Blue is the colour

Chris Burton casts an eye over a Manchester derby which saw City overcome United at Old Trafford.

Last Updated: 08/04/13 at 23:21

Sergio Aguero: Stepped off the bench to decide Manchester derby

Sergio Aguero: Stepped off the bench to decide Manchester derby

In all likelihood, Manchester City's 2-1 victory over Manchester United on Monday will only delay the inevitable - with United still 12 points clear at the top of the Premier League with seven games left to play.

They have, however, ensured that the race goes on and that they will head into next weekend's FA Cup semi-final clash with Chelsea full of confidence and with momentum firmly behind them.

United have enough experienced heads on and off the field to suggest that they will have put a derby defeat to the back of their mind long before they next take to the field, but setbacks against local rivals are always difficult to stomach and they must endeavour to make the disappointment work in their favour - with Stoke City probably readying themselves for a backlash on Sunday.


Manchester United made four changes to the side which came unstuck in their last outing - a defeat by Chelsea in an FA Cup quarter-final replay. Wayne Rooney was returned to their starting XI for the first time since picking up a groin injury on international duty with England. He was paired alongside Robin van Persie in attack. Rafael slotted in at right-back, while the experience of Ashley Young and Ryan Giggs was drafted into midfield.

Roberto Mancini made just two changes to his Manchester City side, and both helped to see the Blues over the line. Matija Nastasic returned to partner skipper Vincent Kompany at the heart of the back four, and he barely put a foot wrong against United's star-studded frontline. James Milner was also recalled - with Edin Dzeko the man to miss out as the Blues looked to pack the midfield.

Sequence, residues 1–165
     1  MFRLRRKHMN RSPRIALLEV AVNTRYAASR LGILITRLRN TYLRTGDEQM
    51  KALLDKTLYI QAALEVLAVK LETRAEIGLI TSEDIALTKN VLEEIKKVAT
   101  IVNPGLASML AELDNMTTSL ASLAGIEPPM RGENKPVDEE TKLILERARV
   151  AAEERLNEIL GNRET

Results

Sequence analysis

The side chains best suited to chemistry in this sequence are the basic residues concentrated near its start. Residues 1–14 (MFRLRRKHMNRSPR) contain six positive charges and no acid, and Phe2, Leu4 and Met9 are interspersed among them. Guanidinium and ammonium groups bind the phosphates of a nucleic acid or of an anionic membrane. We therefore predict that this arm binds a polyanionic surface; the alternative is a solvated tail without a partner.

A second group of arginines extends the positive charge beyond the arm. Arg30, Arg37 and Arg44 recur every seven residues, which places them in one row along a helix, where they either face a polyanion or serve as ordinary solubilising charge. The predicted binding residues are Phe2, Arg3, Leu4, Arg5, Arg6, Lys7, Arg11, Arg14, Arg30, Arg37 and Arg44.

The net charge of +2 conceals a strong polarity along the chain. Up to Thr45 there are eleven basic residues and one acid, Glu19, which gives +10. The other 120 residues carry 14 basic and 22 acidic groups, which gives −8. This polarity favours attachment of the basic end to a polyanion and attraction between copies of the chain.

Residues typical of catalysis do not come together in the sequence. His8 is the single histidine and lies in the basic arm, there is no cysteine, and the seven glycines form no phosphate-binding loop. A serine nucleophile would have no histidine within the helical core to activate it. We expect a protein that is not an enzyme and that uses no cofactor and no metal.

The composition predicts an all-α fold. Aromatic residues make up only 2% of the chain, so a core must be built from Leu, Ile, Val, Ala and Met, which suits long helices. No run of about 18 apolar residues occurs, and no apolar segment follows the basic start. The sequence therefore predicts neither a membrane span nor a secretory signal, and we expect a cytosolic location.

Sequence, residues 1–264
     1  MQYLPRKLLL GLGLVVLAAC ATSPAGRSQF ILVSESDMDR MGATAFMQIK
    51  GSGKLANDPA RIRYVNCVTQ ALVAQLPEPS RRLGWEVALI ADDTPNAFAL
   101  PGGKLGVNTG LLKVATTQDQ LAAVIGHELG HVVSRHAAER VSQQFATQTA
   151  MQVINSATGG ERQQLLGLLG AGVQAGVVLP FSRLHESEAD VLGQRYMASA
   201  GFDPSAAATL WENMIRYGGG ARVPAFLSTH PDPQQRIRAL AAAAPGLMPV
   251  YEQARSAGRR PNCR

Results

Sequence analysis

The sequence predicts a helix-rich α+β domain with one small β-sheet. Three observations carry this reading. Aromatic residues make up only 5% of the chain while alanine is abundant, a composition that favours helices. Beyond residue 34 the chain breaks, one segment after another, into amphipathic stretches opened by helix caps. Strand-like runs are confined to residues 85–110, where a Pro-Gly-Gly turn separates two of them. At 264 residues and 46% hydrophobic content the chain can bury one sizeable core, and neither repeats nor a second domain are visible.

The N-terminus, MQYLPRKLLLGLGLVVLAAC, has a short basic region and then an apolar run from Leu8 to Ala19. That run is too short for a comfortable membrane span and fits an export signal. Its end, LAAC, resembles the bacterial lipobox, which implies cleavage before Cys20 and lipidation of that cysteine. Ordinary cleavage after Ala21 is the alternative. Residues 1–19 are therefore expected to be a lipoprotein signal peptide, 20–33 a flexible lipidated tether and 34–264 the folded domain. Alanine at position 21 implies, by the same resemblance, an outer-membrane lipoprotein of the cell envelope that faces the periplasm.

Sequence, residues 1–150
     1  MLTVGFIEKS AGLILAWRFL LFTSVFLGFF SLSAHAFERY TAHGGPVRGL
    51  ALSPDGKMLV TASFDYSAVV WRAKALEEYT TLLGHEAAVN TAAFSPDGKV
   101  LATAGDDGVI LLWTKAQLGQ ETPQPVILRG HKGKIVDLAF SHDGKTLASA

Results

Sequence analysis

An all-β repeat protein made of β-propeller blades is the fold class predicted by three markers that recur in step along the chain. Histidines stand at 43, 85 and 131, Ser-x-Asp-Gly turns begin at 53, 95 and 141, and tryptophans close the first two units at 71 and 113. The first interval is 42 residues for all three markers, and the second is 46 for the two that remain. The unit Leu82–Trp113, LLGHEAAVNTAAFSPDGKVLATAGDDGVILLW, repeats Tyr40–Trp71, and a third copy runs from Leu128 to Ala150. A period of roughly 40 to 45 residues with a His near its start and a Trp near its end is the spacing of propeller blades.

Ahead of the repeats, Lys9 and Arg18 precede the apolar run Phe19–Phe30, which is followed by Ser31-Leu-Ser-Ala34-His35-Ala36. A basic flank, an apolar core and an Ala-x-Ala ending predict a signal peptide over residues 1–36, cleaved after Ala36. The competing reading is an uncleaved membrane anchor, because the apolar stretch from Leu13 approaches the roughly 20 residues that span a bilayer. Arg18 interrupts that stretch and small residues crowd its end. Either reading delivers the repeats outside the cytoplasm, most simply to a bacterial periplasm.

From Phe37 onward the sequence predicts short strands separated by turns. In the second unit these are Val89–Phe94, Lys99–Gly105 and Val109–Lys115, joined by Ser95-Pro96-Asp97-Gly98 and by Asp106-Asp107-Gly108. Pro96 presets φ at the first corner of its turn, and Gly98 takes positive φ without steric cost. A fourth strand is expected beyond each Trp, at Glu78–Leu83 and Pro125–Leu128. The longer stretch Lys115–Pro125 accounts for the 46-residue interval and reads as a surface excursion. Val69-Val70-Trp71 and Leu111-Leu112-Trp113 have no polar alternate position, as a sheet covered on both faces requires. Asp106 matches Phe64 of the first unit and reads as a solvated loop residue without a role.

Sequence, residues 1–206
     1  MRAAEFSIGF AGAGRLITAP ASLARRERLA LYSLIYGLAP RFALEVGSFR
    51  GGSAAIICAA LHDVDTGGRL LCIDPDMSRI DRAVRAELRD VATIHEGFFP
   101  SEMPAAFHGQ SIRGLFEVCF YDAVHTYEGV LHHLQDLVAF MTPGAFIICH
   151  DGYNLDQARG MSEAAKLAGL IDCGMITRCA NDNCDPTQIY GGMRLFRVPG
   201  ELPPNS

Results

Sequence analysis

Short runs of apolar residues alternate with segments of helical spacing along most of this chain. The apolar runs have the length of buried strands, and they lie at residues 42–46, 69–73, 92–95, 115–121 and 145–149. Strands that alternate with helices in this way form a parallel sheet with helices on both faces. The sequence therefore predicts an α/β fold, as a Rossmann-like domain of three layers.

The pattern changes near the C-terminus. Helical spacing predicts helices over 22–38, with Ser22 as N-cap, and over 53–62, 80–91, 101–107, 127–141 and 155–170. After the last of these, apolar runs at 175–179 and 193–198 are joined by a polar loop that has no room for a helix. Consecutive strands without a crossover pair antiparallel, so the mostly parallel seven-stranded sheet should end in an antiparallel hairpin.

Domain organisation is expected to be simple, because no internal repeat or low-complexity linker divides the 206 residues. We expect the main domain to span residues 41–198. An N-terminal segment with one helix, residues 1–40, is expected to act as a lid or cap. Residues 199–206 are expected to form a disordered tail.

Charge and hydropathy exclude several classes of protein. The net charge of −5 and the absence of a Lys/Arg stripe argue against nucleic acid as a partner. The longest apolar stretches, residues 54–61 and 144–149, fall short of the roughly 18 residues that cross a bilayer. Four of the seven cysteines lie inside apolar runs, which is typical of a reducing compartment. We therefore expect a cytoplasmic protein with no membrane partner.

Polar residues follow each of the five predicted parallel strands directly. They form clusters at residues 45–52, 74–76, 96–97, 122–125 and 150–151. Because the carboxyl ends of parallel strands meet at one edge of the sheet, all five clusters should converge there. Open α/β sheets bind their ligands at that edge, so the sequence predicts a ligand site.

In selecting Michael Carrick and Giggs alongside each other in the middle of the park, United were keen to see plenty of the ball and try to make the most of the mobility and pace they possessed in the final third. Danny Welbeck was selected for his hard running, but he is not at his best out wide and struggled to make much of an impact as he traded flanks with Young on a regular basis. The Red Devils also need to find a way of getting Van Persie firing again, as he continues to work hard for the team but is finding clear sights of goal hard to come by. He often went looking for the ball on Monday, and was forced away from goal on many occasions.